Patricia Telles-Irvin, vice president for student affairs, dies at 63


Daily file photo by Colin Boyle

Patricia Telles-Irvin, vice president for student affairs, speaks during an event in Spring 2018. Telles-Irvin passed away Monday after a “long and valiant battle” with cancer.

Gabby Birenbaum, Campus Editor

Patricia Telles-Irvin, Northwestern’s vice president for student affairs,  passed away early Monday morning after “a long and valiant battle” with cancer, University President Morton Schapiro said in an email. She was 63.

The El Paso, Texas native came to Northwestern in 2011 after serving in a similar role at the University of Florida. An alumna of Duke University and Boston University, Telles-Irvin was a first-generation college student in her family. She leaves behind a husband and a son.

“Patricia was a beautiful person,” Schapiro said in the email. “From the day she arrived at Northwestern, she was deeply committed to improving the lives of all of our students, especially those who came from underrepresented communities. She worked tirelessly to create a Northwestern in which every single student, regardless of background, felt at home. This is not easy work as the world became increasingly stratified and uncivil.

“When I think of Northwestern values — humility, empathy and humanity — I picture Patricia,” Schapiro continued. “She gave us her heart, and we will always be in her debt. She never wavered in finding the best in all of us.”

Schapiro had previously emailed the Northwestern community to inform students that Telles-Irvin had been granted a leave of absence beginning last Saturday.

Dean of Students Todd Adams highlighted some of Telles-Irvin’s accomplishments in an email to students, noting her “instrumental” role in establishing the department of Campus Inclusion and Community, the umbrella organization under which Student Enrichment Services and the department of Social Justice Education were launched. Continuing her work in “student-focused initiatives,” Adams said Telles-Irvin championed the creation of the Housing Master Plan and the expansion of the Summer Internship Grant Program.

“Patricia’s grace was, and continues to be, an inspiration to all of us who love working with students,” Adams wrote in the email. “Her influence stretched far and wide. And her legacy is demonstrated in the thousands of student lives she impacted, as well as the staff she mentored and the faculty she touched.”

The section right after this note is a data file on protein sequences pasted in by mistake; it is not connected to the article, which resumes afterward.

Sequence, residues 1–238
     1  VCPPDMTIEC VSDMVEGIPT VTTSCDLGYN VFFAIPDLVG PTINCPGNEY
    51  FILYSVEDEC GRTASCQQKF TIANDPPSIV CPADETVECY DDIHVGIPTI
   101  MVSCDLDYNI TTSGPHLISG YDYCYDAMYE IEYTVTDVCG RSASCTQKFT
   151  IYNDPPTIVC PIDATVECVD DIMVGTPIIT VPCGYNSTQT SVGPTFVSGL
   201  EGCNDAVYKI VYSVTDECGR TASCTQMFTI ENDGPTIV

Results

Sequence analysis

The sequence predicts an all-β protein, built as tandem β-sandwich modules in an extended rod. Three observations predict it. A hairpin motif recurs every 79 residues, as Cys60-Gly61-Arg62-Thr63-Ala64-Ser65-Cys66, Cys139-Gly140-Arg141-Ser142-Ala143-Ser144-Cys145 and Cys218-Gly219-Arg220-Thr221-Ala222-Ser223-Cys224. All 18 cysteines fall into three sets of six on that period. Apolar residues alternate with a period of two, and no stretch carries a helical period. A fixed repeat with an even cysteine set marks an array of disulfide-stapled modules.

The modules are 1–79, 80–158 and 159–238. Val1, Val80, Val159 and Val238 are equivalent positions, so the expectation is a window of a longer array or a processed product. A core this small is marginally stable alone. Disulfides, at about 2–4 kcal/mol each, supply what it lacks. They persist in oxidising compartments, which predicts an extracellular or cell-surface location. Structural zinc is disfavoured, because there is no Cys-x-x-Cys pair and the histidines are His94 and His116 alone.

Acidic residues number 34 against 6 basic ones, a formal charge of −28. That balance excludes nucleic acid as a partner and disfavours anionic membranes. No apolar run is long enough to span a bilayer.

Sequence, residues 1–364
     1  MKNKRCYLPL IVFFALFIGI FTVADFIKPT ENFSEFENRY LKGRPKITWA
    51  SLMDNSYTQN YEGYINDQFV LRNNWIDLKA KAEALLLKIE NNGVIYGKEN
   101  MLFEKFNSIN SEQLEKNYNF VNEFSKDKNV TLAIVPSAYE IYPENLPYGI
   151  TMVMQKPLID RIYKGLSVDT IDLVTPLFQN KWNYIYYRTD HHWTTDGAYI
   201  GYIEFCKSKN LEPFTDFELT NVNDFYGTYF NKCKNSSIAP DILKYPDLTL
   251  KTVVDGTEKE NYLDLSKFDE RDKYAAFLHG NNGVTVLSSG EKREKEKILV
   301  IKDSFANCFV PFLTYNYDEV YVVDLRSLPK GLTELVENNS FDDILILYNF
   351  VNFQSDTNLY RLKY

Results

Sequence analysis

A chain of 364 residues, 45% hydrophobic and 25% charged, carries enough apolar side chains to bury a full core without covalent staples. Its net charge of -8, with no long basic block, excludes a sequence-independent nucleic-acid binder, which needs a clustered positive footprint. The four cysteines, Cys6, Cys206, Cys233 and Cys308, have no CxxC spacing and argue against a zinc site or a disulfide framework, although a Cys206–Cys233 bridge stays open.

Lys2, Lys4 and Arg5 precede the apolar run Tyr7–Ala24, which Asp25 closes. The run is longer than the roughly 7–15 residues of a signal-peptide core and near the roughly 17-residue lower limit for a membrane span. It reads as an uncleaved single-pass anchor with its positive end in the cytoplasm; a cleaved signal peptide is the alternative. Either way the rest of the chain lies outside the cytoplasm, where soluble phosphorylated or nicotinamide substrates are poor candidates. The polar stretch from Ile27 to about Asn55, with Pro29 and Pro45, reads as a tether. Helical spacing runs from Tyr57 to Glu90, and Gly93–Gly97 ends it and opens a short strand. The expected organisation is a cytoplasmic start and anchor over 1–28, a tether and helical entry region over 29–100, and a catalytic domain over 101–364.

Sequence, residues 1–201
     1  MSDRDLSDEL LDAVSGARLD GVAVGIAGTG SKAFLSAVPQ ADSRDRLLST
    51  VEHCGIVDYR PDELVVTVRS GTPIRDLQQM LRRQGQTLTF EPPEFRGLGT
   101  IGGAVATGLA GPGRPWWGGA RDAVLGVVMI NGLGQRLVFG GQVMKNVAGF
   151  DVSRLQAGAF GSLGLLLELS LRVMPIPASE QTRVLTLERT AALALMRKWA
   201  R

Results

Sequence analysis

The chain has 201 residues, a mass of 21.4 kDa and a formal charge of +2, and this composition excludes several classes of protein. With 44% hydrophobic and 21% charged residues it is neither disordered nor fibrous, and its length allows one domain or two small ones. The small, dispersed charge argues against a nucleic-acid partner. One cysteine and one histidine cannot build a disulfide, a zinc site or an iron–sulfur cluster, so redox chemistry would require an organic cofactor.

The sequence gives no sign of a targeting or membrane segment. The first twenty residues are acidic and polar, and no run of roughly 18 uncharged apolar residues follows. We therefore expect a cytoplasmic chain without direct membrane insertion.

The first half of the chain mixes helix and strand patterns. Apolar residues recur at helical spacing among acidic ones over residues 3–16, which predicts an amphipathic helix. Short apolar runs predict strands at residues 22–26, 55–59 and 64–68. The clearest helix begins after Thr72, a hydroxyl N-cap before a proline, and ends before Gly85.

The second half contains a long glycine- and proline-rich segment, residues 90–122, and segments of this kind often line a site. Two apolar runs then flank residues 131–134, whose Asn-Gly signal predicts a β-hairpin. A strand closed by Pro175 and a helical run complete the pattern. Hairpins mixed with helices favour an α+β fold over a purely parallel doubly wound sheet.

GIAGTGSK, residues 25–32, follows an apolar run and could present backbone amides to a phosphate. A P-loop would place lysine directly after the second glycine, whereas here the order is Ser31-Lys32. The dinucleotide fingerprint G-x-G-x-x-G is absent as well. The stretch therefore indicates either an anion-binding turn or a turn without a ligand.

Associated Student Government president Izzy Dobbel, who attended a Monday afternoon gathering for students and staff in the Source in Norris University Center, said Telles-Irvin was as a “true and constant partner” for the student body and served as a guide and mentor to ASG.

Julia Shenkman, who previously served as ASG’s chief of staff and the Multicultural Greek Council’s university liaison, agreed Telles-Irvin was a strong advocate. The Weinberg senior recalled Telles-Irvin reaching out to her to set up a meeting to talk about MGC’s struggles with feeling disenfranchised on campus, and called her one of their “best allies” who took the time to listen.

As a fellow El Pasoan, Shenkman said Telles-Irvin represented the character of their shared hometown.

“We stand with our own, we’re there for each other — that’s something our city is known for,” Shenkman said. “It was really great having that here on campus and it’s gonna be greatly missed.”

Leo Scheck, a Communication junior, said Telles-Irvin was a “vocal supporter” of student-workers like himself, and that she could be counted on to be a “strong and forceful” presence in any room.

Scheck said that in remembering Telles-Irvin, he was maintaining a focus on her accomplishments in improving student life at Northwestern, and the work she did on campus.

“She’s done a lot that maybe goes unnoticed or unattributed to her specifically,” Scheck said. “I just think this campus wouldn’t be the same without the mark that she’s made on it for the past eight or so years.”

Former co-workers and Northwestern alumni took to Twitter to express their appreciation for Telles-Irvin’s work. Angela Batista, the Board chair-elect of the National Association of Student Personnel Administrators, where Telles-Irvin once served as president, called the administrator a “trailblazer” for Latinx leaders in higher education. Sports journalist Christine Brennan (Medill ’80, ’81) said Telles-Irvin’s death made Monday a “sad day for all Wildcats”, and recalled having fun sitting next to her at the 2018 Big Ten Championship.

Former ASG president Ani Ajith (Weinberg ’14) tweeted that Telles-Irvin was a tireless worker whom he was proud to have known.

“She worked with deliberate, strategic patience to achieve more than many were willing to give her credit for,” Ajith tweeted. “She did so selflessly.”

Dobbel said the fact that Telles-Irvin continued to work until “almost the end” demonstrates how dedicated she was to her job.

In the years to come, Dobbel said Telles-Irvin’s legacy will continue.

“PTI is, and will always be, a big part of this campus,” Dobbel said.

A public Celebration of Life will be held in Telles-Irvin’s honor, Schapiro’s email said.

Cameron Cook contributed reporting.

This story was updated at 2:50 p.m. with information and a statement from Dean of Students Todd Adams. This story was updated again at 4:30 p.m. with comments from students, alumni and former co-workers.

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